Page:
• Anonymous says:

      Young kids don't know expats from locals. They are all just kids to them, its the parents who make them aware.

    • anonympous. says:

      Well we had principals that had vision for the school, children and country, not money hungry teachers with hand in cookie jar! Mr.John R Gray had a heart for his students, creating a learning center for the haves and have nots to each benefit from. every child is not cut out to be an academic nio matter where he or she was born. Makes no difference cayman have the biggest and brightest brains in this country? We are one of the leading financial centers of the world Tara this may come back to haunt you, and cause West Bayers to deispise you. Be careful its a bad move, you can do better.. Just how do you plan on pulling this one off?

      • Anonymous says:

        Money hungry teachers?   That is funny.  Anyone truly money hungry would never bother training to be a teacher.  

    • Anonymous says:

      Forsing expats to sedn their kids to private school does one thing, it create an environment where thier kids to get better educations. While Caymanian kids get lacluster educations.

      • Anonymous says:

        Forcing expats to send their kids to private school does one thing; it creates an environment where their kids go to get a better education. All this while Caymanian kids get a lackluster education.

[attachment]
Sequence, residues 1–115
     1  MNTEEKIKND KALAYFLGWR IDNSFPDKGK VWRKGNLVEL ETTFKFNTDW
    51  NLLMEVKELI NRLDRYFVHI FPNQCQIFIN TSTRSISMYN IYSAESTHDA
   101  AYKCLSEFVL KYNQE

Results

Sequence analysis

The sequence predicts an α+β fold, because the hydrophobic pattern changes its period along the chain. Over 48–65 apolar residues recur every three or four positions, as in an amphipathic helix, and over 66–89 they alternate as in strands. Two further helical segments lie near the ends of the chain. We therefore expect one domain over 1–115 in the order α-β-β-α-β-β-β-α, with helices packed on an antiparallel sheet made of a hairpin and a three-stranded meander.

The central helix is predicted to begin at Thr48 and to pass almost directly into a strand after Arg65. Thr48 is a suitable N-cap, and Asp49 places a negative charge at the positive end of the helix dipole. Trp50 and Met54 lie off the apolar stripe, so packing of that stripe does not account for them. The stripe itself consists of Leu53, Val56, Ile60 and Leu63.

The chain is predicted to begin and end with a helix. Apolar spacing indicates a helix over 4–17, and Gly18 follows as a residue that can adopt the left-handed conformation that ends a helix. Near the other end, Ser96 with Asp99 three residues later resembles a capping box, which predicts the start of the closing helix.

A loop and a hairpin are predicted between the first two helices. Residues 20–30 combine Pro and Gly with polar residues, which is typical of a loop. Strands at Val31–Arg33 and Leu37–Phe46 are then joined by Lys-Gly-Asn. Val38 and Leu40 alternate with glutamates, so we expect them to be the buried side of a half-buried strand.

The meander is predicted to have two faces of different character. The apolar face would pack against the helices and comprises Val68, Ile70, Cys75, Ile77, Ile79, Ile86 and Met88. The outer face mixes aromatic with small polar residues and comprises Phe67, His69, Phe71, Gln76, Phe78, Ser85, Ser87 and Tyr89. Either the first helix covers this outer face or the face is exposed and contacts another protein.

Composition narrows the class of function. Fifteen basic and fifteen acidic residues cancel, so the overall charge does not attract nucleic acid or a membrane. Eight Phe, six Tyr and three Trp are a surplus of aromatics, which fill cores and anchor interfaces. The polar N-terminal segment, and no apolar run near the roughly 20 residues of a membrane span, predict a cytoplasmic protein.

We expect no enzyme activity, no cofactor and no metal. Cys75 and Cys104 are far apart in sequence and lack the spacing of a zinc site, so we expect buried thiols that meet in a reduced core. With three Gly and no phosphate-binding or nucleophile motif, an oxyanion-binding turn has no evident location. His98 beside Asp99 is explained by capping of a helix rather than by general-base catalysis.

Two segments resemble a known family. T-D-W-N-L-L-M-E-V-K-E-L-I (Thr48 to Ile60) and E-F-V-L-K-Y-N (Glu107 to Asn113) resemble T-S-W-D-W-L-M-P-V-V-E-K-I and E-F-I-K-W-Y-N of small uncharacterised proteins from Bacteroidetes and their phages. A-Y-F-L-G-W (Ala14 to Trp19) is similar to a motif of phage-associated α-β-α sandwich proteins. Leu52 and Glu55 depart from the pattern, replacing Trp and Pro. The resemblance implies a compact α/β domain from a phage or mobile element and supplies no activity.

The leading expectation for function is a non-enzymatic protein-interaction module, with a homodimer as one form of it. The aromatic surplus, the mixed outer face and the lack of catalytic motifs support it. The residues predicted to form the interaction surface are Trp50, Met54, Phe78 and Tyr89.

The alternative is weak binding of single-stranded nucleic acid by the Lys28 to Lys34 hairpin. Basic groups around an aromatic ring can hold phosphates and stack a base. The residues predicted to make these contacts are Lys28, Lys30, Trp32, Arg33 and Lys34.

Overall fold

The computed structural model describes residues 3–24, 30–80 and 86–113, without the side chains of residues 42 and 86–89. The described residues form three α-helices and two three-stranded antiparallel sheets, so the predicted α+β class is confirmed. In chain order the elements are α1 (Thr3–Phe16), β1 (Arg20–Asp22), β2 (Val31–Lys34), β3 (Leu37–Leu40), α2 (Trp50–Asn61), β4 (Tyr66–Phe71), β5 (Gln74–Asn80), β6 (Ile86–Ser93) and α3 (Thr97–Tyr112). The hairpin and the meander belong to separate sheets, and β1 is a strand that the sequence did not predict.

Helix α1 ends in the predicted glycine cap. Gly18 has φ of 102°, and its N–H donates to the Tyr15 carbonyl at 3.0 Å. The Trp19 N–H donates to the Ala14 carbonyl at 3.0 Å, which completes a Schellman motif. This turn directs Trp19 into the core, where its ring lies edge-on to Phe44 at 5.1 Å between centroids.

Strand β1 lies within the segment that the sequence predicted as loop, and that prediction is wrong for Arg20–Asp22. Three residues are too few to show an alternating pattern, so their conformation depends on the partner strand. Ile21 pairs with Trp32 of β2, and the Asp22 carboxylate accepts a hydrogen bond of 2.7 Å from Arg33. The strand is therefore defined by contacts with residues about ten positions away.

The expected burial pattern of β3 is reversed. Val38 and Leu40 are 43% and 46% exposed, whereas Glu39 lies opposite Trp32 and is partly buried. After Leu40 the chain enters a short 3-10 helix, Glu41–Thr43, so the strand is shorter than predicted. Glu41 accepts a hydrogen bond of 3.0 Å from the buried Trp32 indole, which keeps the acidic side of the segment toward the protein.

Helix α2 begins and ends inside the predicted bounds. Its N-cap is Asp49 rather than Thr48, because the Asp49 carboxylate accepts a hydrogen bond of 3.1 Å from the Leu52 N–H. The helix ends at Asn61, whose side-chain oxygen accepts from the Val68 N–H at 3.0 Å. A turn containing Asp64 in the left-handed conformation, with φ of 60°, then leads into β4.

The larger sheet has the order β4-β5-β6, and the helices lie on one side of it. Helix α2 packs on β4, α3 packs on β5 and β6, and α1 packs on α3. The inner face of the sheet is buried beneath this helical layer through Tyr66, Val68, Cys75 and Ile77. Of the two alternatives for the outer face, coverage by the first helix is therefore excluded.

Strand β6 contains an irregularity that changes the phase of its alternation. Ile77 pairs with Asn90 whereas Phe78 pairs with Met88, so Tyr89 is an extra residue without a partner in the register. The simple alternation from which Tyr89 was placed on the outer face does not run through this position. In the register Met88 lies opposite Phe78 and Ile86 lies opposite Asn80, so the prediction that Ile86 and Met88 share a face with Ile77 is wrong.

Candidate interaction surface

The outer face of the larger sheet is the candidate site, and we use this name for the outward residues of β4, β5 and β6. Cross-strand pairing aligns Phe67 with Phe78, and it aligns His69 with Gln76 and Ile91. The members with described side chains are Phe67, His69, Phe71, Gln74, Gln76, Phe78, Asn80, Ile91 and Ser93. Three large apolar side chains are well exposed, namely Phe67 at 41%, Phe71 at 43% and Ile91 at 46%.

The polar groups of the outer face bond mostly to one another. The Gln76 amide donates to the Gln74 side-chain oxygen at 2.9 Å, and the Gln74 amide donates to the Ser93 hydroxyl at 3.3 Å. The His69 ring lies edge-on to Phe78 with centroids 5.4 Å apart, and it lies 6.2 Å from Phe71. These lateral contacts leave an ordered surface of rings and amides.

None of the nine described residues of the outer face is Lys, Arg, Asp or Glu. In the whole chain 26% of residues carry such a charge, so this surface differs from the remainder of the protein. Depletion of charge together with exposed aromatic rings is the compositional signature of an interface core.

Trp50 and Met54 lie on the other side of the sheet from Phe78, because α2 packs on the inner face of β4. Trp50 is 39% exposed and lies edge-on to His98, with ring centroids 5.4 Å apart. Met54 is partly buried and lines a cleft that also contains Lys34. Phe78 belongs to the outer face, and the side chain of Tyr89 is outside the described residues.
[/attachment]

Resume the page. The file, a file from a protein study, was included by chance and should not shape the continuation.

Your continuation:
Friend, I helped you out with that. I get your point and fully agree with it. I would assume that you are one of those Caymanians who received a lackluster education and yet you want an opportunity for your children to overcome this obvious hurdle.

        I am not convinced that your politicians have your best interests at heart. Good luck.

  13. Anonymous says:

    FYI – "Alden McLaughlin has still not responded to CNS questions" because he does not know how to say this:

    Life is about survival of the strong, not the weak. It is the illusion created by "civilisation" that all are equal.

    With limited resources and a growing population we need to accept that adequately equipping the best of the best is the wiser strategy as opposed to taking finances, infrastructure, and human capital away from the best of the best just to be "inclusive" of students who don't want to learn, don't appreciate the value of education, assault the educators, are reinforced in their negative attitudes by their parents, and who will continue this cycle with all of its ill side effects when they are raising the next generation.